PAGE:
Redbird Arena is a fixture in Illinois State University’s community, and as a Redbird basketball fan, the renovated seating seems to be something worth the excitement.
ISU’s Athletic Director Larry Lyons was more than thrilled with the progress Redbird Arena has made in its modernization of the lower bowl.
Not only do fans, students and student-athletes benefit from the physical effect of improved seating, it appears that this sort of renovation came at just the right time.
On the cusp of following its NCAA Tournament bid last season, Redbird volleyball fans will be the first to experience the allure of the arena’s novelty.
Looking to attract more people to its fandom, volleyball is in a great position right now to do so, with help from both its sucess and new and improved home court.
This revitalization also comes at a great time for men’s basketball as the team recovers from the ashes of last year’s disappointing season.
Although Lyons says the renovation will be beneficial for more than just sporting events – which it will be – the new Redbird Arena’s impact will more than likely take shape in the form of men’s basketball season tickets.
Picture this, a modernized Redbird Arena donning sections without confusing double letters, knee-pinching seats and nowhere to put your drink.
ISU’s athletic department is installing cupholders in these new lower bowl seats ... come on, that’s an extra step above expectations.
Complementing these bells and whistles – wider seats, new suites and the featured intimacy of stands on the floor – another student section is set to be built on the opposite entrance of the one that already stands.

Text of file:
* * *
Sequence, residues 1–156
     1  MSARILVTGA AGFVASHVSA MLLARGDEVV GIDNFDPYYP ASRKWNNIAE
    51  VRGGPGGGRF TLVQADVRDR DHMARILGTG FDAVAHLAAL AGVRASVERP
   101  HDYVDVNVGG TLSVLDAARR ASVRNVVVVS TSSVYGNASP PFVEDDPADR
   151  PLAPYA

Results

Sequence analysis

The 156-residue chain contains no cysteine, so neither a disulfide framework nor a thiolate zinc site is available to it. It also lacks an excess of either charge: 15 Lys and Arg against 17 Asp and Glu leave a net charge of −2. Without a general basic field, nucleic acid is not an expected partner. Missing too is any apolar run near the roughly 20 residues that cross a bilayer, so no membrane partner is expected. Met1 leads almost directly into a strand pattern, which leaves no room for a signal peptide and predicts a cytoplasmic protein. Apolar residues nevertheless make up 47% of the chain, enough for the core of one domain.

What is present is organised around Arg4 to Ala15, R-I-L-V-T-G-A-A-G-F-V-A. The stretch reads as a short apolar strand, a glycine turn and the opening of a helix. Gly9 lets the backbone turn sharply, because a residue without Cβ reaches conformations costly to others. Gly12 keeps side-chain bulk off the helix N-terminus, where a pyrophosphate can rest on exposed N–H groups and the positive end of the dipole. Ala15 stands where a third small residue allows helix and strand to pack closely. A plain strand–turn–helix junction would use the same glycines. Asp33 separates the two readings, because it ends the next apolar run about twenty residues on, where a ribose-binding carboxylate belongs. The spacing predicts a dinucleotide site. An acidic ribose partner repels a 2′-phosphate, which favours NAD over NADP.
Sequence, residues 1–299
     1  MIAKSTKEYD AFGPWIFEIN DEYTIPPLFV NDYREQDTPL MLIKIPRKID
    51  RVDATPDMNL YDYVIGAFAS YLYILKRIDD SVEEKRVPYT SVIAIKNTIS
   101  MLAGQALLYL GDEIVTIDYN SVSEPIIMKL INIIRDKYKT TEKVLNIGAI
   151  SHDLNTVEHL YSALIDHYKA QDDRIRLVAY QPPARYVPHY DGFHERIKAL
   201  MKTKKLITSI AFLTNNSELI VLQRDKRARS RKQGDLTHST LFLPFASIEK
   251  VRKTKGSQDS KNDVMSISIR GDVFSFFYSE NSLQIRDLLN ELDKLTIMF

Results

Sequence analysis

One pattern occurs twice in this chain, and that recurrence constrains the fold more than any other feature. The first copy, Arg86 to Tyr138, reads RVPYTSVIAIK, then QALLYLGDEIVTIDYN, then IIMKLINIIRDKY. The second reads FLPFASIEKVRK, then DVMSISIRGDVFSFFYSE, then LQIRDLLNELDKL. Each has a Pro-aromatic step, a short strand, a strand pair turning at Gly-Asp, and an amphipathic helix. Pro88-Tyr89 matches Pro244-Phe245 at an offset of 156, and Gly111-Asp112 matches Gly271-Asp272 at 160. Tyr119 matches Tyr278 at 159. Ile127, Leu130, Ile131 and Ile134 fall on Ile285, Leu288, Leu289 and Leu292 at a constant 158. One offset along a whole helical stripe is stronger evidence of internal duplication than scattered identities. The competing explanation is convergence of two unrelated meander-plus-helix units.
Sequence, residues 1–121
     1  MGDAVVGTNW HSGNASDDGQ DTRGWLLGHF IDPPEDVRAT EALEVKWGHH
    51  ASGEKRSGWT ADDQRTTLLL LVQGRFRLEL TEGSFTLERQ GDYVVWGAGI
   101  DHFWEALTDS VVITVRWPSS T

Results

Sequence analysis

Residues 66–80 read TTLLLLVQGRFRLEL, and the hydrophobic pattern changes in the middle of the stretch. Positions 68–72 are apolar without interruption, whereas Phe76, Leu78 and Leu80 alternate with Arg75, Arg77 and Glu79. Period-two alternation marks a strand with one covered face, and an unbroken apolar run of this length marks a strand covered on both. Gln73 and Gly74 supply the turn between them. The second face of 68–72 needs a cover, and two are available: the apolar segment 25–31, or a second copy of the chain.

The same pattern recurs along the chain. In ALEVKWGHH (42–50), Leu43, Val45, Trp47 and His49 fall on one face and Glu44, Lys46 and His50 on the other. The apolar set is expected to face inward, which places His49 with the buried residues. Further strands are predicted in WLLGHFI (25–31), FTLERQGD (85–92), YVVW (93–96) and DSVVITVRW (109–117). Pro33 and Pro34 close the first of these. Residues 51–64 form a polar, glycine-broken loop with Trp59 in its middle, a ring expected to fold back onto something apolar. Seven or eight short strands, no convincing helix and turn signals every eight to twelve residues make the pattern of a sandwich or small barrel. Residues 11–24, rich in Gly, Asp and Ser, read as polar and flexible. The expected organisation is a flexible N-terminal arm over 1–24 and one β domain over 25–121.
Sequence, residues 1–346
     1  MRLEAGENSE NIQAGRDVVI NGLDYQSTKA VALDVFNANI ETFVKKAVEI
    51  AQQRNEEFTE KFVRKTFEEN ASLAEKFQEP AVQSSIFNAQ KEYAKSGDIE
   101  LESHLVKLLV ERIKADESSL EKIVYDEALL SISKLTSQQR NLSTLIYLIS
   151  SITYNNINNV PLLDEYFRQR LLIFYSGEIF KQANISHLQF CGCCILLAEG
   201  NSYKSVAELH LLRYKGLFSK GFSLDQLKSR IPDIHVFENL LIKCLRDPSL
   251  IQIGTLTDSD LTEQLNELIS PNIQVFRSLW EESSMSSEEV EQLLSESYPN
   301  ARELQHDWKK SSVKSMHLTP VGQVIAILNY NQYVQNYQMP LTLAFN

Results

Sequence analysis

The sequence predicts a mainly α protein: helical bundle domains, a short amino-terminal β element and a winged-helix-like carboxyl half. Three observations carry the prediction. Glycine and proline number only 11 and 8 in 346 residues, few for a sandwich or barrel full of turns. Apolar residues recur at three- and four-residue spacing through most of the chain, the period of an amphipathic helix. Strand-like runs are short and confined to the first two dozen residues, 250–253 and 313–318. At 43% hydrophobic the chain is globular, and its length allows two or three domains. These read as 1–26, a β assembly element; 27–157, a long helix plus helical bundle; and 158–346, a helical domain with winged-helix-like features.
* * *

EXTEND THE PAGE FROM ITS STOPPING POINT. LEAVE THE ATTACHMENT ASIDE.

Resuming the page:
As far as the new arena’s impact, the athletic department inadvertently is telling students they care about their experience at sporting events, so much so they’re willing to spend $6.2 million on something this lucrative.
However, this is where the students come into play once again.
In a previous column, I suggested that the declining attendance at sporting events, more specifically men’s basketball, is caused by the fact that student tickets are not free – giving broke, college kids more of a reason to not spend their money to see a struggling basketball team.
That could change, though. Maybe this $6.2 million atmosphere augment is rooted in the fact that 50 students sat in the student section per night last season.
That’s neither here nor there now, but as far as driving up attendance rates, I think RBA’s revitalization only solves part of the problem.
Yes, it will look nice. $6.2 million nice. That could be comparable to the construction of the Bone Student Center this past year. If you have ever been inside the newest wing of the Bone Center, it feels like you’re walking into NASA’s headquarters – then seeing that you’ve apparently travelled back in time after walking 30 feet to the other side of the building.
This sort of design mishap could affect Redbird Arena as well if it happens. Its effect on students, fans, visitors and student-athletes will solely be about how the university mixes its old charm with a fresh coat of paint.
Despite possibilities, I’m excited for its completion; I’ve been to dozens of men’s basketball games sitting laptop-clad on press row during my time as sports editor. But, experiencing it as a fan in this new intimate seating arrangement could be what I, and die-hard Redbird fans, are looking for.
Let’s hope this step truly is ‘big’ for students to buy tickets and attend.